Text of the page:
Journal Article
Ethnohistory (2005) 52 (1): 179–195.
Published: 01 January 2005
... disregard of nationalism. In addition, 182 Emiko Ohnuki-Tierney unlike Immanuel Wallerstein, for whom the ceaseless accumulation of capi- tal was the only logic of his world system, Marx (1989 [1852]: 12) in fact foresaw the importance of consumption in his...
Journal Article
Ethnohistory (2013) 60 (4): 537–565.
Published: 01 October 2013
..., and material culture studies to interpret data from arti- facts and archives about Ioway-­European interactions related to the pro- duction, consumption, and exchange of trade goods. We suggest that both middle- and native-­ground metaphors reproduce the narratives they were intended to challenge...
Journal Article
Ethnohistory (2017) 64 (4): 541–542.
Published: 01 October 2017
... stood to gain by enforcing market regulations. And finally, she examines the consumption of goods, carefully disentangling items that were gifts from those that were commodities; she shows how both Indians and Europeans imbued goods that served as gifts with different meanings and expectations than...
Journal Article
Ethnohistory (2017) 64 (2): 343–344.
Published: 01 April 2017
... determined consumption. To understand power in early America, LaCombe, who argues that in the Atlantic and Algonquian worlds “authority was rooted in a leader’s control of the food supply” (66), analyzes how settlers and Native Americans shared, withheld, presented, and wrote about food. Using...
Journal Article
Ethnohistory (2016) 63 (2): 237–271.
Published: 01 April 2016
... Matthew , Varney Tamara , Surette Clarence , and Surette Jennifer 2008 “ Reassessing the Northern Limit of Maize Consumption in North America: Stable Isotope, Plant Microfossil, and Trace Element Content of Carbonized Food Residue .” Journal of Archaeological Science 35 , no. 9...
Journal Article
Ethnohistory (2016) 63 (3): 585–586.
Published: 01 July 2016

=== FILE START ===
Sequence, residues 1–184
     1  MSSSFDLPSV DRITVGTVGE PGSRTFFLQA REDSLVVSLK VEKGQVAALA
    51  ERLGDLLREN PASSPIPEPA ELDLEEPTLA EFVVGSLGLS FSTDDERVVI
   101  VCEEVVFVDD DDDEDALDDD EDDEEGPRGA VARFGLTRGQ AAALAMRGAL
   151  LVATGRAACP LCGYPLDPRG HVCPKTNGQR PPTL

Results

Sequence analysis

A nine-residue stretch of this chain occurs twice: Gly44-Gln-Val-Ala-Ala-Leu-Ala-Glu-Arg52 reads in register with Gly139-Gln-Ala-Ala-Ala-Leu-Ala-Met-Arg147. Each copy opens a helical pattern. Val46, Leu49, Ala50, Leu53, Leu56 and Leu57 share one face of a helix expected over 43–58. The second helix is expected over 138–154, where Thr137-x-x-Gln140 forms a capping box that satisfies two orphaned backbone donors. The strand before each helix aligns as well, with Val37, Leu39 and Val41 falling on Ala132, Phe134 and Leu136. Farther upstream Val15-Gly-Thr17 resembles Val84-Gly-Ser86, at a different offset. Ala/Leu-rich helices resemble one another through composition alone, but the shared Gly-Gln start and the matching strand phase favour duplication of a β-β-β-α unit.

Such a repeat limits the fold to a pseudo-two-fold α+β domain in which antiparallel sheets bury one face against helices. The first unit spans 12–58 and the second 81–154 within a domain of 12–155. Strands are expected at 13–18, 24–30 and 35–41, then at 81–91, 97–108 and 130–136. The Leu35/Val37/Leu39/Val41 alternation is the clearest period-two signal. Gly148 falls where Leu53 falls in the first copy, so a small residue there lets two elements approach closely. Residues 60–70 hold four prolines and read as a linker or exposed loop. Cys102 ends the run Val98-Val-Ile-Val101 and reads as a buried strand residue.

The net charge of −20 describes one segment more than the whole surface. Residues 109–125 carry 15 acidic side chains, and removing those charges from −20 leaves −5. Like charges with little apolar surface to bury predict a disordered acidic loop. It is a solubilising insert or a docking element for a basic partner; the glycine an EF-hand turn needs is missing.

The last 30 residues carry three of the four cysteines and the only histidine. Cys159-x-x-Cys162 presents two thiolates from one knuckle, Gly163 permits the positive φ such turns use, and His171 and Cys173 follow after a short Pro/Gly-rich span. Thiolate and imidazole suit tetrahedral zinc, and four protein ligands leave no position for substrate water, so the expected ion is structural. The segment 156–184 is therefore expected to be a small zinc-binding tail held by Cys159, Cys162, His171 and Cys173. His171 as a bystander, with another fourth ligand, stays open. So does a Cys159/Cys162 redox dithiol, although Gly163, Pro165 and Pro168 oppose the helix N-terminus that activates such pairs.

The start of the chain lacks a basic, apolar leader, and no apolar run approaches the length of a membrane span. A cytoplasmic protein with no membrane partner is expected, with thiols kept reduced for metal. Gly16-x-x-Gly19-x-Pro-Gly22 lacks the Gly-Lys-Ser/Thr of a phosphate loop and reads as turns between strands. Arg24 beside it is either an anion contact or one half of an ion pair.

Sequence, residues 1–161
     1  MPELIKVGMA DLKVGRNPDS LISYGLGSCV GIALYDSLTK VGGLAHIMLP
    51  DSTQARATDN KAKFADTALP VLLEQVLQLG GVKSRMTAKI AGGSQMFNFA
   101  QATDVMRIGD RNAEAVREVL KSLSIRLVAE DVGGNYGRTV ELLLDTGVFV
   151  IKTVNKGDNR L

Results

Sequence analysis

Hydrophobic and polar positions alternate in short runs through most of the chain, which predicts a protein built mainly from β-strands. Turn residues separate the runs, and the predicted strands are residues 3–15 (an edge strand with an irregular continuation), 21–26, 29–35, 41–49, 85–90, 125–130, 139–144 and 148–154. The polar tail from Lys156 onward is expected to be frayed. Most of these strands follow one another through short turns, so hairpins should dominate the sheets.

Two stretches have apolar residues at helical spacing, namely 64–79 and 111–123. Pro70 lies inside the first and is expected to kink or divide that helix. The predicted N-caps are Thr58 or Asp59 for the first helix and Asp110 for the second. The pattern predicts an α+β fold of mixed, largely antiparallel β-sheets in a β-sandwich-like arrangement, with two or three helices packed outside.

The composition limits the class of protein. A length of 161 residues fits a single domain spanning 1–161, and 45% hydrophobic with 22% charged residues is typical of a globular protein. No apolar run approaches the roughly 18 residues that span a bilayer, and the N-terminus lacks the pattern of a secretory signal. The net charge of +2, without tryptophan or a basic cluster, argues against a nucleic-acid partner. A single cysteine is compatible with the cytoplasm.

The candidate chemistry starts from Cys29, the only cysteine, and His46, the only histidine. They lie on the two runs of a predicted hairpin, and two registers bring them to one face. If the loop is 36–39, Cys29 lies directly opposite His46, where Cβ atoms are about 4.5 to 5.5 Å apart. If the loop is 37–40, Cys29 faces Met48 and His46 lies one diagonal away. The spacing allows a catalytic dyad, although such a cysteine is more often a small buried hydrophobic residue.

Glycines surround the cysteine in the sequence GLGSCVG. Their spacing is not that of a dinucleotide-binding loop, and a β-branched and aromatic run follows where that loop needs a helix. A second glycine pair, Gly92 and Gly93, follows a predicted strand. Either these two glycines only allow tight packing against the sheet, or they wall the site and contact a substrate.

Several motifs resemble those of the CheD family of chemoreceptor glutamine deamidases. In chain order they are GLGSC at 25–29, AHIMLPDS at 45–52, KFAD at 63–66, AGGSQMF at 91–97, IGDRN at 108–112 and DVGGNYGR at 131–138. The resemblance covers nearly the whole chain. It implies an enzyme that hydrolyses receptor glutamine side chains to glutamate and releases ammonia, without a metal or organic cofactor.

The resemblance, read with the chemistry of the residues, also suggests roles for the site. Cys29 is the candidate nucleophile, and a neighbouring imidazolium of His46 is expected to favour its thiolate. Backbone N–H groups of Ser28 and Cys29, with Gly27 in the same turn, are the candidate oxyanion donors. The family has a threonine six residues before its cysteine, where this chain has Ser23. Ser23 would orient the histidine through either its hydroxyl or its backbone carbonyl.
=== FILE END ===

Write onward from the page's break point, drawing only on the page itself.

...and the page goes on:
... Country of the power consumption that has fueled suburbanization. The Indian-focused topical pieces in part 1 include three describing historical processes and four describing events. The process articles call for greater recognition of Indian history in the North Atlantic trade conducted...
Journal Article
Ethnohistory (2008) 55 (4): 609–632.
Published: 01 October 2008
..., and Oxchuc, it ranked with diarrhea, enteritis, and malaria as a principal cause of death.42 The INI’s position on indigenous alcohol consumption was a practical one informed by anthropological observation. Its promoters and puppet shows preached temperance and encouraged participation in sports...
Journal Article
Ethnohistory (2015) 62 (2): 263–284.
Published: 01 April 2015
... enjoy pristine health. Reviews of medici- nal plants used by the Five Tribes, however, reveal that natives were felled by a variety of diseases, parasites, and wounds. Consumption of alcohol, acquired through the fur trade, also began to take a toll in the seventeenth century.4 Romans noticed...
Journal Article
Ethnohistory (2016) 63 (2): 454–456.
Published: 01 April 2016
... to the development and international consumption of several Latin American musical genres, including tango, música folklórica , and nueva canción . Chapter 3—the most ethnographically rich and compelling section of the book—details the experiences of Bolivian musicians who tour in Japan. Chapter 4 discusses...
Journal Article
Ethnohistory (2014) 61 (3): 596–597.
Published: 01 July 2014
... state sponsorship and thus from INI (see chap. 3), they gained greater control over the choice of subject matter, production, and “cultural visibility” (see chap. 4). This was not without its dilemmas. What constituted appropriately “indigenous” material, suitable for public consumption, Cusi...